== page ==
For more information see:

    Washington Post


    Climate Change Threatens Global Food Supply “Chokepoints”

    A new report from Chatham House warns that climate change is threatening 14 critical “chokepoints” used for the distribution of global food supplies and that little is being done to address the threat. More than 50 percent of the world’s crop exports travel through at least one of these chokepoints, which include the Suez and Panama Canals, Black Sea ports, and U.S. Gulf Coast ports, inland waterways, and railways. According to the report, many of these areas have already experienced major flooding, drought, sand storms, and heavy rains in recent years which can lead to a chain reaction of rising food prices and major conflict, particularly if they coincide with a harvest failure. Areas that are particularly vulnerable include the Middle East and North Africa, which are the sites of numerous chokepoints, as well as any country that is heavily reliant on imports. The report urged increased global cooperation and a diversification of supply routes and infrastructure to limit the risk of major disruptions from these chokepoints.

    For more information see:

    Guardian, The Atlantic

    Landmark Sale of Carbon Credits Creates New Opportunities for Agriculture

    The U.S. carbon trading market took a large step forward with the recent purchase of carbon offsets by Microsoft. The purchase of the offsets, which came from rice farmers in Arkansas, Mississippi, and California, is notable because it has traditionally been difficult for farmers to participate in the carbon trading market due to the complexity of measuring emissions for agricultural activities. The landmark effort was aided by numerous groups, including the Environmental Defense Fund (EDF) and the U.S. Department of Agriculture, and was hailed as a “proof-of-concept” moment by Debbie Reed, director of the Coalition on Agricultural Greenhouse Gases. Reed added that the development of a “protocol with farmers that's verifiable and rigorous enough so you can sell it in the market” was one of the challenges behind the effort. Corporate purchases of agricultural carbon offsets are expected to play a part in building the market, while participating farmers are calling for special branding to help their crops stand out on store shelves.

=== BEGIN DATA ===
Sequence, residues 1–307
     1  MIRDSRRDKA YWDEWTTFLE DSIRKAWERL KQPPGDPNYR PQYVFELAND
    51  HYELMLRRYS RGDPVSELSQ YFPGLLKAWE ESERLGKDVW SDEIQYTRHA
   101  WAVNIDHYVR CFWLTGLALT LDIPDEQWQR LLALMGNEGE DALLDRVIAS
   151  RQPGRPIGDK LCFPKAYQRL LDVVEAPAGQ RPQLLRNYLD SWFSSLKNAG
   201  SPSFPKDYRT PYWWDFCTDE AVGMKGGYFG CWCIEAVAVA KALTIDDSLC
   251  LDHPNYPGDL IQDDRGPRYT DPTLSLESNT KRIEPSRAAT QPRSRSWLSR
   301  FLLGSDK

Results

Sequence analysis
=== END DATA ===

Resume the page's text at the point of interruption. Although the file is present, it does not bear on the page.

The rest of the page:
For more information see:

    Inside Climate News


    Atlantic Coast Pipeline Approval Likely, Despite Severe Environmental Impacts

    The 600-mile Atlantic Coast Pipeline is expected to move 1.5 billion cubic feet of natural gas per day. Running from North Carolina to West Virginia, the pipeline will cross 2,900 private properties and parts of the Monogahela and George Washington National Forests. The Federal Energy Regulatory Commission gave developers a favorable draft environmental assessment, despite warnings that the project could “induce sinkhole development, alter spring characteristics, and impact local groundwater flow and quality." Dominion Energy, which owns 48 percent of the project, claims they have plans to mitigate these impacts and argues the pipeline will be necessary to supply domestic natural gas markets. Environmental groups argue Dominion is overestimating demand to justify the project. PJM, a regional grid operator, calculates peak power demand in 2027 will be 3.5 gigawatts lower than Dominion estimates. Advocates are also fearful the pipeline will lead to dozens of miles of mountaintops being cleared. Dominion expects the project will receive approval in the fall of 2017.

    For more information see:

    Utility Dive


    Study: Great Barrier Reef Is Worth $42 Billion and “Too Big to Fail”

    A recent report from Deloitte valued Australia’s Great Barrier Reef at $42.4 billion, which is comparable to the market values of auto companies like BMW and General Motors. The reef also supports 64,000 jobs. In the past year, the reef has endured two massive coral bleaching events. The report states, “The Reef is critical to supporting economic activity and jobs in Australia. The livelihoods and businesses it supports across Australia far exceeds the numbers supported by many industries we would consider too big to fail." Bleaching occurs as a stress response to warm ocean temperatures, and corals can die if exposed to prolonged periods of excessive warmth. Recent bleaching events affected about two-thirds of the 2,300 kilometer (1,429 mile) reef, and corals may take up to 20 years to fully recover. Sean Connolly, program leader of an Australian coral reef center, says, “You're looking at some potentially unfolding human tragedy over the decades if reefs cannot provide the same source of livelihood."

    For more information see:

    Washington Post, CNN


    Carbon Dioxide Levels Continue to Rise, Despite Stabilized Emissions